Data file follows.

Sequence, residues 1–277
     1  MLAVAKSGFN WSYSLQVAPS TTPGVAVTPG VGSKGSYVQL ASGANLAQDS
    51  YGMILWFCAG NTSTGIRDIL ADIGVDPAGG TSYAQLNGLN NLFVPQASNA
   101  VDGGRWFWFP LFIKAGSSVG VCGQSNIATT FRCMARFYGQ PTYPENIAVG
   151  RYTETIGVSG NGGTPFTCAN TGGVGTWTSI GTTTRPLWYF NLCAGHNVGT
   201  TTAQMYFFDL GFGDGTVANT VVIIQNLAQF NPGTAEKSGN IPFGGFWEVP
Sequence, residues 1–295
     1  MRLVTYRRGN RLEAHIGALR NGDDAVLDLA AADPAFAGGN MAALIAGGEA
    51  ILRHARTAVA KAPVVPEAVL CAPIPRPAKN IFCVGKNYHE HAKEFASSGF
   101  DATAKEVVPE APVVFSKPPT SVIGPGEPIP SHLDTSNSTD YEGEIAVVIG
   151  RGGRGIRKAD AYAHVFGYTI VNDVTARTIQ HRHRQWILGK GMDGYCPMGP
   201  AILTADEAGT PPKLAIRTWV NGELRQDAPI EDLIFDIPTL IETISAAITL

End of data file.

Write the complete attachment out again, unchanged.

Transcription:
Sequence, residues 1–277
     1  MLAVAKSGFN WSYSLQVAPS TTPGVAVTPG VGSKGSYVQL ASGANLAQDS
    51  YGMILWFCAG NTSTGIRDIL ADIGVDPAGG TSYAQLNGLN NLFVPQASNA
   101  VDGGRWFWFP LFIKAGSSVG VCGQSNIATT FRCMARFYGQ PTYPENIAVG
   151  RYTETIGVSG NGGTPFTCAN TGGVGTWTSI GTTTRPLWYF NLCAGHNVGT
   201  TTAQMYFFDL GFGDGTVANT VVIIQNLAQF NPGTAEKSGN IPFGGFWEVP
Sequence, residues 1–295
     1  MRLVTYRRGN RLEAHIGALR NGDDAVLDLA AADPAFAGGN MAALIAGGEA
    51  ILRHARTAVA KAPVVPEAVL CAPIPRPAKN IFCVGKNYHE HAKEFASSGF
   101  DATAKEVVPE APVVFSKPPT SVIGPGEPIP SHLDTSNSTD YEGEIAVVIG
   151  RGGRGIRKAD AYAHVFGYTI VNDVTARTIQ HRHRQWILGK GMDGYCPMGP
   201  AILTADEAGT PPKLAIRTWV NGELRQDAPI EDLIFDIPTL IETISAAITL